What Ruin Porn Means to a City Rebuilding Itself

Julia Shiplett
Human Parts
Published in
3 min readDec 3, 2013

--

I had never been to Detroit before this fall. I heard things, read things. Things about bankruptcy, the thousands of stray dogs roaming the streets, prostitutes who had been found burned and beaten. My boyfriend and I were going to a comedy fest outside of town and decided to make a long weekend of it. On the drive up, I felt the way I usually feel before a new experience I can’t predict: a bit anxious.

But Detroit surprises you. There are grand museums, the bustling Saturday morning farmers market, a burgeoning art scene. Certain parts of town will make you think you’re in your own hip, culturally relevant neighborhood of sunny brunch spots, cute boutiques and dimly lit cocktail lounges. Many people will delight in the fact these things exist here.

And then there’s the decay. The dramatic, haunting, beautiful decay.

Some will want to explore this side of town too. The remains. The dilapidation. The grass lots with abandoned cars where weeds have grown far above the hubcaps. I did. We stopped in neighborhoods we had no reason to be in, ones that looked like nobody was in to begin with. We wandered through a half demolished building covered in spray paint with a ceiling that made that perfect dripping sound you only hear in caves. Broken wood and rust and rubble all posing and decomposing from their most photogenic angles. Naturally, I documented.

But then came a moment of vague shame. A friend had told us about a DIY skate park some kids had built and we decided to track it down. When we arrived in our air-conditioned car to where my iPhone had taken us, there was no skate park in sight. And in the middle of the projects where residents looked at us puzzled from their stoops, I quietly asked myself, What the hell am I doing?

I felt the same way when we drove down a road with only a few houses remaining and passed by an elderly man who gave us a scornful glare. Suddenly the pavement met grass, forcing us to do an abrupt U-turn. By the time we had returned to where the man was once standing, he was nowhere to be found and the front door of a two-story you couldn’t imagine anyone living in was wide open.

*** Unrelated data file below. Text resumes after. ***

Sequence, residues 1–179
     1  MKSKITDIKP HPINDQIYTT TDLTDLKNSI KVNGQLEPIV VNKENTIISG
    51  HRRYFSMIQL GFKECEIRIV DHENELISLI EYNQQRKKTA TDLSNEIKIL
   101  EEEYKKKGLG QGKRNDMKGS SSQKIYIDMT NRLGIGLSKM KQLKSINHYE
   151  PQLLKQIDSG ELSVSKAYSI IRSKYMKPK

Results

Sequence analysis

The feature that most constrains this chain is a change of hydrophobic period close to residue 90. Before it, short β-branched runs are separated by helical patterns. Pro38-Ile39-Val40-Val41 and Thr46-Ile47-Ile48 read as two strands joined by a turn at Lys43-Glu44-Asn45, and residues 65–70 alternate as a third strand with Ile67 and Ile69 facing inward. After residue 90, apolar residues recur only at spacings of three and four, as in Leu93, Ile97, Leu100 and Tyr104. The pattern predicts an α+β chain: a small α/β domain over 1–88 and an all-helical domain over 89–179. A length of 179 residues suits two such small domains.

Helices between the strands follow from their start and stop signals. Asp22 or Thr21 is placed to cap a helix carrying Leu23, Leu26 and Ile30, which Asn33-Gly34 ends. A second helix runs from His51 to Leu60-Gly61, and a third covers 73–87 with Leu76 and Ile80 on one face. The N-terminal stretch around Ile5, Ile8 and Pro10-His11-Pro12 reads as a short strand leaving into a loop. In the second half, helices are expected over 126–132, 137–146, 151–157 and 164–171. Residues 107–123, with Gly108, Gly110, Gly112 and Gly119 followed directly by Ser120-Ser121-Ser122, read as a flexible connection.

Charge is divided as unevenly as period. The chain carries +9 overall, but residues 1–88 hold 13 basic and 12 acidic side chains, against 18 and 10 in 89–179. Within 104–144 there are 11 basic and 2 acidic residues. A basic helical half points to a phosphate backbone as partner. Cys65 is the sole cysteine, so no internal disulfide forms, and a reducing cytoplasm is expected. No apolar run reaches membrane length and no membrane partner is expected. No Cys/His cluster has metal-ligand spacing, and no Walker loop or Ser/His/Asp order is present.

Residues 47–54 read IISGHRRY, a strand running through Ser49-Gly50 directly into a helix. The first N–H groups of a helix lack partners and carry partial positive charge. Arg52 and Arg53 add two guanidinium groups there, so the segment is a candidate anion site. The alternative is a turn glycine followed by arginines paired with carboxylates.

Like a child who's been scolded by his mother for gazing at a homeless person, it feels wrong once you’ve been caught looking. And it’s these moments you realize there is still life in places you thought was long gone with people you know nothing about whose stories you’ve never heard. I wouldn’t go to the west side of my own city of Chicago to play urban explorer. Why was I doing it here? Because I was an outsider who would soon go home, I suppose.

So do you look or not? And if you do, are you being tastelessly voyeuristic or perversely fascinated or obliviously cruel? Should you absorb a tragedy that seems almost novel while sipping a fair trade coffee you got on the other side of town? Are you even allowed to? I don’t know, honestly. But what I’m pretty sure of is that people who still live here are tired of a reputation that’s preceded them for forty years because frankly it’s out of date.

Detroit is the capital of “ruin porn” for a reason—it’s easy to fetishize the grit. And ironically, it may be the ruins that start bringing in hoards of sightseers, to catch a glimpse of a fallen American empire. But hopefully, between photos ops at the Packard Plant and Michigan Grand Station, visitors will begin to notice a city teeming with possibility. One where an entrepreneurial spring is already underway and an undeniable electricity dances in the air of people doing things, opening things, building things. Because whether it’s cars, soul music or a Coney dog, Detroit knows how to make what the rest of us want before we even realize it’s considered classic.

--

--

Julia Shiplett
Human Parts

writer. comedian. fun aunt without a niece or nephew.